I went 64.Kh2 Rb7 65.Kh1!?. My idea was to get out of Rg3+ if my opponent went back with 65… Rg7 which is what happened. It was not necessary for him to go back, and probably another rook move like 65… Rf7 would have made his life easier. I now went 66.Rh8!.


Black to play

Now black has to decide how to react. 66… Bf6 might lead to trouble after 67.Rc8 followed by Rc7. Probably the best thing to do is to bail out with 66… Bxb6! 67.Bxb6 Rf7 68.Kg2 e4 69.fxe4 (69.Rh5+ Kc6! attacking the bishop is a key resource. It’s understandable to miss it in the heat of the battle.) 69… Kxe4 70.Rxh4+ after which we get rook + bishop vs. rook, without any pawn for black. Compared with the position I could have gotten had I played 64.Rh8, this is an improvement! Winning rook and bishop vs. rook would be another story, but at least white realistically has serious winning chances there.

Instead, my opponent made the losing mistake with 66… Rd7?. After 67.b7!, black has to give up his bishop for the pawn, and he can’t get the white f-pawn off the board. I won the game a few moves later.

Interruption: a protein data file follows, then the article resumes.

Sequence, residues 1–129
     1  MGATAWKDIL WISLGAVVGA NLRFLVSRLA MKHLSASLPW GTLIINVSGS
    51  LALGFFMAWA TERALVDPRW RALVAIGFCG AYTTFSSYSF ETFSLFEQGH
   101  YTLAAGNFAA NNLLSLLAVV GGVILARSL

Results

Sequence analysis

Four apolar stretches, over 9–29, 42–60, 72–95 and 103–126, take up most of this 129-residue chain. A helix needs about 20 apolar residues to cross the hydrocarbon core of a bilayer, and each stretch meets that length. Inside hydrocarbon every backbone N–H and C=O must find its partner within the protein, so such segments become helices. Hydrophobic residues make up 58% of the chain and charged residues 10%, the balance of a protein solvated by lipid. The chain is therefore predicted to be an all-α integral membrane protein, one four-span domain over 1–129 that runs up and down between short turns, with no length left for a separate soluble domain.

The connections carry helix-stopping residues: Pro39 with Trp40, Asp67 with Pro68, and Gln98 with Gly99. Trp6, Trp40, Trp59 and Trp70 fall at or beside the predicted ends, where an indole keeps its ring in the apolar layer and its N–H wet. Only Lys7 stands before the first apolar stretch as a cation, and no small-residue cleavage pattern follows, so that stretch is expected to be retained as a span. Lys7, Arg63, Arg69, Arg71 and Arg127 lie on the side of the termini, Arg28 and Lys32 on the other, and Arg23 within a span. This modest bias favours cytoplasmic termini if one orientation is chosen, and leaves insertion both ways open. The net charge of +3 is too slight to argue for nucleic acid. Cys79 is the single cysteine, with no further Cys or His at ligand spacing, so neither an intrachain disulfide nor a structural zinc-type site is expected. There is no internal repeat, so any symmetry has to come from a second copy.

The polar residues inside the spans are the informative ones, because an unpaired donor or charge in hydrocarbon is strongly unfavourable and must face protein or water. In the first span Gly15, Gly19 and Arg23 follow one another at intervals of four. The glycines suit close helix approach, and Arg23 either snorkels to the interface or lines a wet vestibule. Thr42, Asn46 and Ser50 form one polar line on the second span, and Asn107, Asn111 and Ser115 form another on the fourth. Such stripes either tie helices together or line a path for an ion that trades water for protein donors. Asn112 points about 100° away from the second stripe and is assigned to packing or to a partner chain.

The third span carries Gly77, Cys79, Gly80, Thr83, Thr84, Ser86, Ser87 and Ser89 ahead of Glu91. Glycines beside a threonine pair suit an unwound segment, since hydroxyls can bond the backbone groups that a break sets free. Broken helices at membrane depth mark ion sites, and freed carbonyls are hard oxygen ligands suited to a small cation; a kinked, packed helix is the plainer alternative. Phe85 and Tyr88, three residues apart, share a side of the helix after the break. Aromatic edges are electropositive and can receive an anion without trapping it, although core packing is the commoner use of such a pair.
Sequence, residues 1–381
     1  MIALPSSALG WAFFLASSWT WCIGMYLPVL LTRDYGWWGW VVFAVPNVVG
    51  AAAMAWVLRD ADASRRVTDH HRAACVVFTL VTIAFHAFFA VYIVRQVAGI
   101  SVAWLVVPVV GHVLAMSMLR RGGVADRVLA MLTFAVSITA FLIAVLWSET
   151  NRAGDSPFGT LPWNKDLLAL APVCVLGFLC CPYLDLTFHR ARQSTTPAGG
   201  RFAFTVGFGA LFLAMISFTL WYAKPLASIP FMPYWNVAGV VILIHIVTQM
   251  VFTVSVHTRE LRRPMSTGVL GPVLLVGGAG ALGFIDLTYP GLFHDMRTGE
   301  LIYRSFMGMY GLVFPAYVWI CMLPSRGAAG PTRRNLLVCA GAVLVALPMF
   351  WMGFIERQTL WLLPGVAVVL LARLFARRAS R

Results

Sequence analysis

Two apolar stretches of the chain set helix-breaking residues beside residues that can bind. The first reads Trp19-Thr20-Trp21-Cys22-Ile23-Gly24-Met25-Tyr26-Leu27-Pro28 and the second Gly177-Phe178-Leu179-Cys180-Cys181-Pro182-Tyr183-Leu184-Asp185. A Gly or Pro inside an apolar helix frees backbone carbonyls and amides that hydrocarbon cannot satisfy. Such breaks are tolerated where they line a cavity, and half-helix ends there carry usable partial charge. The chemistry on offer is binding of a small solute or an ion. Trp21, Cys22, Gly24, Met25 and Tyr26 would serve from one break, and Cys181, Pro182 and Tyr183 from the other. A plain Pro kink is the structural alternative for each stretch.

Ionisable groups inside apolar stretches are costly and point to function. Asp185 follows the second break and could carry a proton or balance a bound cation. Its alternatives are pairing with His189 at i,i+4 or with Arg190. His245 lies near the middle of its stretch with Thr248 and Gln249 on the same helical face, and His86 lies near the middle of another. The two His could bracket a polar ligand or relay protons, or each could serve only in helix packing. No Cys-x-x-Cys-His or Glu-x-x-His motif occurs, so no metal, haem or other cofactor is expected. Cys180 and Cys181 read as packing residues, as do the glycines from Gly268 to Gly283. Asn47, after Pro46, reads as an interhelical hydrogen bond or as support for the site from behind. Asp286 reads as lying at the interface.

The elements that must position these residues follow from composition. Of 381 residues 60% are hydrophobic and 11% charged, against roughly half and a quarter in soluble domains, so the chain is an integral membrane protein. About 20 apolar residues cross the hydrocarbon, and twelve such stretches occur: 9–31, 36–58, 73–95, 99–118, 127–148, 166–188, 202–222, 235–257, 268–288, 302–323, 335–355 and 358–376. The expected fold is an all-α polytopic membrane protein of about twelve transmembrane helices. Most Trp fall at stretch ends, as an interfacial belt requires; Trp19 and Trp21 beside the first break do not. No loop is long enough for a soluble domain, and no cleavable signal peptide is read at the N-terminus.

Just like that, in three moves, I turned a seemingly nothing position into a winning one! What’s the moral of the story? My best interpretation is that ideas like Kh3-h2-h1, which at first glance look ridiculous, can actually be good.

Last weekend, I had another endgame where I swindled my opponent in a similarly drawn endgame. But first a warning: this endgame was a lot more complicated than the previous one. The game itself was unusual and interesting, and I’ve decided to analyze this one starting right after the time control, where I had to make decisions how best to make my opponent’s life miserable.

Brodsky, David (2477) – Subervi, Jonathan (2249) Northeast Open 2017


Black to play